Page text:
With Bharati Raja, she also did Sigappu Rojakkal opposite Kamal Haasan as a psychopathic killer. Later when the movie was remade in Hindi as Red Rose Rajesh Khanna could simply not match up to Kamal Haasan’s acting competence in the original. Poonam Dhillon, the glamour doll of Bollywood, who reprised Sridevi’s role in the Tamil original was a disaster. Later, Dhillon and Sridevi acted together in Karma (1986) directed by Subhash Ghai. No prizes for guessing who stole the show. Dhillon later made a cameo in Judaai (1997) Sridevi’s last movie before she called it a day.
Sridevi’s last movie with K Balanchander was Varumaiyin Niram Sigappu in 1980. By then Sridevi had become an eminent star. Her nose surgery had become the talk of Kollywood. 16 vayadinile was made in Hindi but the movie bombed at the box office. Amol Palekar was miscast as the village bumpkin in Solva Sawan (1979). But four years later, Sridevi was back in Bollywood with a vengeance. Cavorting with Jeetendra in a bikini, she added life to Himmatwala which was a blatantly mediocre film. That Jeetendra was dead wood when it came to acting capabilities is no secret. Thanks to Sridevi, Jeetendra’s films with her became huge successes at the box office. As lady luck favoured him, Jeetendra intelligently invested the crores of rupees he had earned to turn to television serials years later. But poor Sridevi’s lakhs were splurged by her family in ill-advised investments. Way back in 1985, Sridevi was demanding Rs25 lakh per film. So it was a shock to know that Sridevi’s finances were in a bad shape.
By the time Chandni (1989) was released, Sridevi had become the top actress in Bollywood. Dharmendra called her “the Marilyn Monroe of India”. She made the entire nation watch her antics in Mr India with awe. Loosely inspired by the 1968 hit Brahmachari, Mr India was a big success at the box office. Who can ever forget “Hawa Hawai” or “Mogambo Khush Hua”? The only similarity between Brahmachari and Mr India was the fact that in both films, the leading man was running an orphanage with meagre means. Satish Kaushik as “Calendar”, Sridevi as “Seema” the journalist looking out for a scoop and falling for the invisible man’s charms and Annu Kapoor as the stupid editor provided ample support to Mr India. Movies like Nagina, Akhri Rasta, Khuda Gawah and Chalbaz consolidated her position. Then in the early 90s Sridevi started repeating herself in film after film. Despite a good performance, Army (1995) flopped at the box office. A guest appearance by Shah Rukh Khan was the only added attraction.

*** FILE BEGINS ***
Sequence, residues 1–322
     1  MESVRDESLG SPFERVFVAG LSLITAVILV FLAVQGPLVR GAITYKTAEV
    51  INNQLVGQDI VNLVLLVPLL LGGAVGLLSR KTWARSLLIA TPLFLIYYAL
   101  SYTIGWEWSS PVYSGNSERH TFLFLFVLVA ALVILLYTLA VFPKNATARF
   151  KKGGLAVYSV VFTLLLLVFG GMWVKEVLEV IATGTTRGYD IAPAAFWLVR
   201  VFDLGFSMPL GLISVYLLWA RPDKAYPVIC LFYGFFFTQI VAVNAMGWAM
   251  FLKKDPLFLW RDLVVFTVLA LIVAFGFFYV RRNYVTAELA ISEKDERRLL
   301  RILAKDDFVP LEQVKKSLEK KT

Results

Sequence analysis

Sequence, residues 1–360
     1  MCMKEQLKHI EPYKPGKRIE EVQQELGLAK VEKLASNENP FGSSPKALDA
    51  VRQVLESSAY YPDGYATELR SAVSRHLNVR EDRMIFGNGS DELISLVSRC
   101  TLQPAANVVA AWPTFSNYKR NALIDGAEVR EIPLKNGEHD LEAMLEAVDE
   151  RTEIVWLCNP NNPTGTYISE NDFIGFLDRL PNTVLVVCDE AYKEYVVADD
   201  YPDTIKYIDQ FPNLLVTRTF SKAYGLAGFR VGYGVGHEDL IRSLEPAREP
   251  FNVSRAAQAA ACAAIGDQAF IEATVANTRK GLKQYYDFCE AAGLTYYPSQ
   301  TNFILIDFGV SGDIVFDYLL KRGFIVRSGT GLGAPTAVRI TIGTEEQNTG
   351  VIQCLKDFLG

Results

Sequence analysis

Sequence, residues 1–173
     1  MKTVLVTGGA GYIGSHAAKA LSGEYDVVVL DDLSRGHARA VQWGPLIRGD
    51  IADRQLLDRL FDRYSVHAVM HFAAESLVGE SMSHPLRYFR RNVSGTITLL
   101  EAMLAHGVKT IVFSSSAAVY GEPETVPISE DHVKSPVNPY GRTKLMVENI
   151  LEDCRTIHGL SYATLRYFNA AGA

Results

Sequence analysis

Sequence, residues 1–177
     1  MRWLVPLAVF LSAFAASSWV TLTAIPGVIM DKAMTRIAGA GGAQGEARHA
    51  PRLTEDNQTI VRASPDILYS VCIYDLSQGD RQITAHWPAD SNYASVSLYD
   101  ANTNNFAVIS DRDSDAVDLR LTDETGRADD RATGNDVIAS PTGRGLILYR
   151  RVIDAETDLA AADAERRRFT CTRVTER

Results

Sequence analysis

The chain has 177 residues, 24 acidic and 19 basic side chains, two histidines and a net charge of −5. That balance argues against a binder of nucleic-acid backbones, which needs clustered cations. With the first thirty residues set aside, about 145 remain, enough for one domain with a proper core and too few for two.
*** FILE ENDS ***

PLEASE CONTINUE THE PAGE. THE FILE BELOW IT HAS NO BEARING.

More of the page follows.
Prior to entering Bollywood, Sridevi who had earlier acted in tearjerkers like Gayatri, Kavari Maan and Sayndhadaama Sayndhadu in Kollywood delivered a heart-rending performance in Moonram Pirai (later made as Sadma). The movie was shot in Ooty. Moonram Pirai was a classic that did not do too well at the box office – it was a film for the classes and not the masses. The film’s tragic ending did not go down too well with audiences. Silk Smitha’s bold dances bordering on vulgarity could not salvage Moonram Pirai.
With her parents passing away in quick succession, all the hard earned money going down the drain, an extravagant lifestyle, a two-decade-old court battle with her own younger sister Srilatha, her fetish to appear young forever, the hunger suppressing pills and never-ending cosmetic surgeries - Sridevi’s life was indeed a roller coaster ride. Pregnancy before marriage, getting attacked by her husband’s mother-in-law Sattee Shourie, a hush-hush marriage with the almost bankrupt Boney Kapoor, bounced cheques….
Sridevi’s life was full of challenges, full of ups and downs. A classic example of how the life of an actress can go horribly wrong without adequate family support. It is also a rejoinder to the fact that education is very important for a girl child and parents should never push their children to pursue a career in films at the cost of education.
One can only shed a few tears for this talented actress. May her soul rest in peace and protect her children from the wicked ways of Bollywood…
(After working in the corporate world for close to two decades, Bhagyalakshmi started her second career innings as a head-hunter. She is passionate about Hindi movies and loves retro music. When her family shifted to Chennai in the 80’s, Bhagya had a taste of Tamil cinema too. In the long term, she plans a book on two of her favourite directors – Guru Dutt and K Balachander. She travels across the country on work and is based in Mysore.)